Contractors stay away from projects citing lack of profit
It has been over four months since the government ordered the rejuvenation of four water bodies in the city suburbs. But, the project is yet to take off as no bidders have come forward so far. The Water Resources Department had issued a Government Order in December about desilting water bodies in Cholavaram, Nemam, Porur and Ayanampakkam to create additional storage that could used to supply water for the city. The department had proposed to increase the storage by nearly 600 million cubic feet at a cost of Rs.130 crore. On an average, about 1,000 mcft is drawn to supply 810 million litres a day to Chennai.
However, there has not been any progress in the project that was scheduled to commence in April, say residents. Residents point out the potential benefits of the project would be lost if the capacity of the water bodies is not increased before the onset of the rains.
WRD officials say that though tenders were floated twice, there were no takers. As per the proposal, nearly 100 cubic metre of silt was to be excavated by the contractors who were to pay the government around Rs. 66 crore for it. The contractors could then sell the silt to private construction projects or even the Outer Ring Road (ORR) project.
However, contractors point out that the rate cited by the government is far above market rates. The department has now approached the Tamil Nadu Road Development Company to use the silt in their ORR project. Samples of soil are being tested to check suitability. A decision on lowering the price of silt quoted would be taken if the soil is found not suitable for the ORR project, an official said.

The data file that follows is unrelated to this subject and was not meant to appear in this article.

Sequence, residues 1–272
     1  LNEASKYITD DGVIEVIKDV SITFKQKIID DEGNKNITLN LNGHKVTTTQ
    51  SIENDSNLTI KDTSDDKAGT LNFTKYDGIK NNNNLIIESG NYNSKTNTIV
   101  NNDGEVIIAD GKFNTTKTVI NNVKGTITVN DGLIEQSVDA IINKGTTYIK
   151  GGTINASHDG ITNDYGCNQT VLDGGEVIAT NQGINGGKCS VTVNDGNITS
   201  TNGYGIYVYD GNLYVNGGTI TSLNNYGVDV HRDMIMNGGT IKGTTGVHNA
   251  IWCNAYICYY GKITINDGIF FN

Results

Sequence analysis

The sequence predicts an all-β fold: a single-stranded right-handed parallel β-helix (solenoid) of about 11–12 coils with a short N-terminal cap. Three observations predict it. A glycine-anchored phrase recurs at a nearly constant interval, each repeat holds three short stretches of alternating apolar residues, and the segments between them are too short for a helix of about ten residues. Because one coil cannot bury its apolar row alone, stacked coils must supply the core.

It is vital that the project begin in summer as otherwise, it might have to be suspended mid-way once the rains come, say residents. “Every time, it rains heavily, the surrounding areas get inundated. We will be able to escape the problem this year if the lake gets deepened and the surplus courses get desilted,” said R. Eswaran, a resident of Ayanampakkam.
Residents of Porur fear that encroachments would mushroom if the water body does not receive adequate attention. “People continue to toss garbage bags and let sewage into the lake. I hope that the ambitious project will not be shelved,” said K. Javed, a resident of Porur. Fencing the vulnerable portion is necessary to prevent from further abuse, he added.